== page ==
An introvert freshman is taken under the wings of two seniors who welcome him to the real world.
Coming of agemovies have been around for years, and the genre consists of some very fine movies, with ‘The Breakfast Club’ probably still being considered the best of its genre.
‘Perks’ as I shall refer to it from now on, is an ensemble movie.
The introvert freshman whom we can consider the lead of the movie is Charlie (Logan Lerman). He’s just started out on highschool and has absolutely zero friends.
By chance (and isn’t that always how it goes on highschool) he eventually meets Patrick (Ezra Miller) and his stepsister Sam (Emma Watson) who accept him into their group. From here on out, it seems like this is a by the numbers movie.
Naturally, Charlie is finding his feet in school, creating a bond with his English teacher (Paul Rudd) who gives him interesting books to read and fuels his desire to become a writer.
But beneath the surface of all it’s characters is where the magic happens.
Logan Lerman who played Percy Jackson and D’artagnan most recently never had me convinced that he had a lot of staying power, yet in his performance of Charlie, he absolutely nails it.
Emma Watson, who I consider to be one of the better child actors to come out of Harry Potter, is equally great as the handsome and strongly willed Sam.
And to top the trio from the poster off we get Ezra Miller in a great performance as Patrick, the funny guy.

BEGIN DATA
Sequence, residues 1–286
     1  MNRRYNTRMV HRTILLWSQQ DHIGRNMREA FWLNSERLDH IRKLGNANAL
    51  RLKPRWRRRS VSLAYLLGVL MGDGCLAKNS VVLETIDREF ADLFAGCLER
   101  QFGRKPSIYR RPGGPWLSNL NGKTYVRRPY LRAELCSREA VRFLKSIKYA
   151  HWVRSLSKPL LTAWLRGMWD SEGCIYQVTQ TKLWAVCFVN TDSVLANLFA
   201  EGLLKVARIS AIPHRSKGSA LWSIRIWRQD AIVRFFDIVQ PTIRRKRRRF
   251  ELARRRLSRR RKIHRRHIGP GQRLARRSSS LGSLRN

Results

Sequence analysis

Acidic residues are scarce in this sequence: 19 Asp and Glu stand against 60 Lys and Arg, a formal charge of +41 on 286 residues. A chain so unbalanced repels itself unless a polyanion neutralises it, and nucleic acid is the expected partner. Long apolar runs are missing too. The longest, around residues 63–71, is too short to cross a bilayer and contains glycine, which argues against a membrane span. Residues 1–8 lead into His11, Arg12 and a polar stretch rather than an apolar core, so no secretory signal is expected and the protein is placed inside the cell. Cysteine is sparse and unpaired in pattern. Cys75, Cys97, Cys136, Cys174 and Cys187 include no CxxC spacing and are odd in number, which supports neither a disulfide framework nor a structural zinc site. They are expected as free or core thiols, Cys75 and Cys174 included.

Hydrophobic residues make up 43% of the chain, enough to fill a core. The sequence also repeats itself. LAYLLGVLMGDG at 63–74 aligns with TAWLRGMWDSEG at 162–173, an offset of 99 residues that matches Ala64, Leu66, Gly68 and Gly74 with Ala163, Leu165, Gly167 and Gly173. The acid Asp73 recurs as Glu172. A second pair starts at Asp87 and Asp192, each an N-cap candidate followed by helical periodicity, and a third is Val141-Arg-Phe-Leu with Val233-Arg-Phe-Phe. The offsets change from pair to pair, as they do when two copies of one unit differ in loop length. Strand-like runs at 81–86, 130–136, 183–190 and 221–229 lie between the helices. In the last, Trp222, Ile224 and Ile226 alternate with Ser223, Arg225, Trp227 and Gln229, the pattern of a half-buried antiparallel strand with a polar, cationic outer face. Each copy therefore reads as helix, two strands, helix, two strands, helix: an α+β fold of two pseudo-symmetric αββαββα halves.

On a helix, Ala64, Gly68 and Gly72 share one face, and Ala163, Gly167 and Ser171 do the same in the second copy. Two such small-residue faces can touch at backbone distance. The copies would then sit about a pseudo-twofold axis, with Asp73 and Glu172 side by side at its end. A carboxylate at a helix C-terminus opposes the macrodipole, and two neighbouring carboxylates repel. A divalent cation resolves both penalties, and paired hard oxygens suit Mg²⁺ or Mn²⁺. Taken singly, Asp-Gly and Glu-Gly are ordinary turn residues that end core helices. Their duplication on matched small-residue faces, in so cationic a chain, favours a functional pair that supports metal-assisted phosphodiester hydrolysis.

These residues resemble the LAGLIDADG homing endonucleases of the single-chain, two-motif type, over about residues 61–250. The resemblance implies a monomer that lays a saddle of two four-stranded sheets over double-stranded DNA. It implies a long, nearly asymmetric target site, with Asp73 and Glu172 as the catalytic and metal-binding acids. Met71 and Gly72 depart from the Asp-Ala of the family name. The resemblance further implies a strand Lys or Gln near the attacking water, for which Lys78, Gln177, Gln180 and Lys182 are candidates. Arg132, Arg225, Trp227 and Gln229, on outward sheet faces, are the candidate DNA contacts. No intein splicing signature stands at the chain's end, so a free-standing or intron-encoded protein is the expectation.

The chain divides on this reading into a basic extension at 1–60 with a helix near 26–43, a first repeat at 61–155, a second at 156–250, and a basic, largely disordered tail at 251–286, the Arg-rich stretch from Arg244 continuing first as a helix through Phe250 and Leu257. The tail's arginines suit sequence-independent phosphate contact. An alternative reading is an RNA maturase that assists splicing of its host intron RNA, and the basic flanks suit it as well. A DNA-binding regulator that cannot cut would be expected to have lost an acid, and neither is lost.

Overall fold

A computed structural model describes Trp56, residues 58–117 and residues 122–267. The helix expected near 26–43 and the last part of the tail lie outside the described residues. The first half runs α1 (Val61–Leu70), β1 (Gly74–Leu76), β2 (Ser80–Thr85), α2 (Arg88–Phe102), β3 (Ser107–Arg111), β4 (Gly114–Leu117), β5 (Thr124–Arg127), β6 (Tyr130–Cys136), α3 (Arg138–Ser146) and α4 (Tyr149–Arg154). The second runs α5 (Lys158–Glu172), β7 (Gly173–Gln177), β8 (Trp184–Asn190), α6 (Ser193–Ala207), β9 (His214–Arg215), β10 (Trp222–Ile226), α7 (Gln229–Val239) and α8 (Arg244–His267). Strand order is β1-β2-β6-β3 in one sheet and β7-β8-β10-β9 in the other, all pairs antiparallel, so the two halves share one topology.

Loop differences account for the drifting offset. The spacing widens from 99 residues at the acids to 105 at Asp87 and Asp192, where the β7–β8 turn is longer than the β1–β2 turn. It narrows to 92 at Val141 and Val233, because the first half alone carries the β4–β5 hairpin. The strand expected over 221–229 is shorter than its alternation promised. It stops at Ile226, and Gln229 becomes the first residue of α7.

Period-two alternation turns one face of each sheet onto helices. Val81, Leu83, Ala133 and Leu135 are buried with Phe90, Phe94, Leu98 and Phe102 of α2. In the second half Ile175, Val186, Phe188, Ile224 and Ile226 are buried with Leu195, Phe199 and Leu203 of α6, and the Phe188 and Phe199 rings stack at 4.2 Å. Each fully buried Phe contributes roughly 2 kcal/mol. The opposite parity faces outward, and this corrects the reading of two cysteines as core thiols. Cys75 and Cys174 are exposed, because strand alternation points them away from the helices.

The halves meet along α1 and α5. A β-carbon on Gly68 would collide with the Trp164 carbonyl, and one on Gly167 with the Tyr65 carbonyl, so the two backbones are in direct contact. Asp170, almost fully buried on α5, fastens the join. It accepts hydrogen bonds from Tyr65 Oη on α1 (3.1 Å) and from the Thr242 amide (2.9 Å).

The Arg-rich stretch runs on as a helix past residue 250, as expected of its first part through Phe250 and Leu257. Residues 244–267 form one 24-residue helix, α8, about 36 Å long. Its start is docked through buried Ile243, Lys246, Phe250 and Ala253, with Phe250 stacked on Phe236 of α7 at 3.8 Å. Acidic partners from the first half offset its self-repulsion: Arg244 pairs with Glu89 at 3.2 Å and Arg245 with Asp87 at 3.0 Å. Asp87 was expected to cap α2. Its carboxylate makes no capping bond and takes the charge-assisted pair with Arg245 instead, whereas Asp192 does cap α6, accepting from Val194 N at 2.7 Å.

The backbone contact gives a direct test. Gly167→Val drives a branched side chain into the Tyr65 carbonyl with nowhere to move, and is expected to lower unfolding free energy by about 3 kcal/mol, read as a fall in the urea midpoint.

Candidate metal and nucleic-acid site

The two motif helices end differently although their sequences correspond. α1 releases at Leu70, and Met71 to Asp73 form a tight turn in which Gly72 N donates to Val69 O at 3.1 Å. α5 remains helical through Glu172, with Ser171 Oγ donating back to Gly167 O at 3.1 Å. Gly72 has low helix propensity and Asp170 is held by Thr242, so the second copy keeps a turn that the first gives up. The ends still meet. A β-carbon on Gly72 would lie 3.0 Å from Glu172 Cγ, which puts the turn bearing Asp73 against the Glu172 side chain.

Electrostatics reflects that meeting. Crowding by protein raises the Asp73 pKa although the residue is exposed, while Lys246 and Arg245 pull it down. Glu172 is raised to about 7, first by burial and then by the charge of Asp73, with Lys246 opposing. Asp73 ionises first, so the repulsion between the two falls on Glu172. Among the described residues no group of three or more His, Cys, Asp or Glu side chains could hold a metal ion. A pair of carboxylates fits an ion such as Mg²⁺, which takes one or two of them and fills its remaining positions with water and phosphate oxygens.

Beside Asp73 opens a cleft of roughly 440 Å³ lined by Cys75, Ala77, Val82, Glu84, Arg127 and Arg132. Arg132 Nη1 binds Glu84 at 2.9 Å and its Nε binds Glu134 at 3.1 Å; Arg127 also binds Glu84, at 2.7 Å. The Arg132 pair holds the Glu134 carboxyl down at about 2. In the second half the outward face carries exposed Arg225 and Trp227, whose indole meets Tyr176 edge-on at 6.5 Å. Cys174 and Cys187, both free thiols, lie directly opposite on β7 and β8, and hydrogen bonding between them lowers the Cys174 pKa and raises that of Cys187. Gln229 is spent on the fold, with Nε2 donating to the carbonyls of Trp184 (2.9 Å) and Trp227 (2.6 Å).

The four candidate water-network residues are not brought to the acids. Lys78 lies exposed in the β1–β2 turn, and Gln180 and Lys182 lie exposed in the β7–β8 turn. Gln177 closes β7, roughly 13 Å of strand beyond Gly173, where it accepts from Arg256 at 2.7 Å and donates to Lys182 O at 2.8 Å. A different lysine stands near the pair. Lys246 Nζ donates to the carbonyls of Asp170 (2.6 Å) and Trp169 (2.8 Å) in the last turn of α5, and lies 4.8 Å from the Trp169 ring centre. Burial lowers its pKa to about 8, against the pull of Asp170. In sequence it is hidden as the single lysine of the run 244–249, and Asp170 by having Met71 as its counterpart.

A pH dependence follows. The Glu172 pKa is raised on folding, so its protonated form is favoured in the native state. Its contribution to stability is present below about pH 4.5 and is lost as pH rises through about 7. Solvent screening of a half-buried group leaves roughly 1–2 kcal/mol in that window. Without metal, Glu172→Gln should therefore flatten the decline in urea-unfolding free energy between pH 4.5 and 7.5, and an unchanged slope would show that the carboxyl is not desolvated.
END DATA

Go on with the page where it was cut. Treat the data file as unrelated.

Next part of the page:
Which is a refreshing break from him, considering he played Kevin in the horror/thriller ‘We need to talk about Kevin’ just last year.
Like I mentioned, beneath the surface of its characters is where it all happens.
Charlie has been through some undisclosed trauma at a younger age and with Sam struggling to get into Penn State University and Patrick trying to cope with his closet gay lover, you get the feeling that this really is life as a teenager in the current day and age.
Yes, there is drugs, and there is booze, but that’s not the important part of the movie. It’s about finding your feet amongst so many people you don’t know and trying to find yourself in the process.
While Charlie is lucky in finding some friends, so many kids these days aren’t. And in one of the greatest scenes of the movie, you get to see that typical and fragile group behaviour that decides whether or not you can stay friends or not. Do something that some people don’t agree with and you’re back on your own again.
‘Perks’ is probably the greatest coming of age movie since ‘The Breakfast Club’ and ‘Stand By Me’ because it is grounded in todays reality.
So many little scenes and moments of dialogue contribute to its greatness, but most need to be witnessed for yourself instead of told to you by me.
First-time director Stephen Chbosky, who filmed his own novel with the same title, looks like he’s been making movies for most of his adult life, and with such a stellar cast and story, what more could one wish for.
When we look back at this movie in 5-10 years from now, it will still be relevant, and essential viewing for any kid who is yet to face the adventure that is highschool.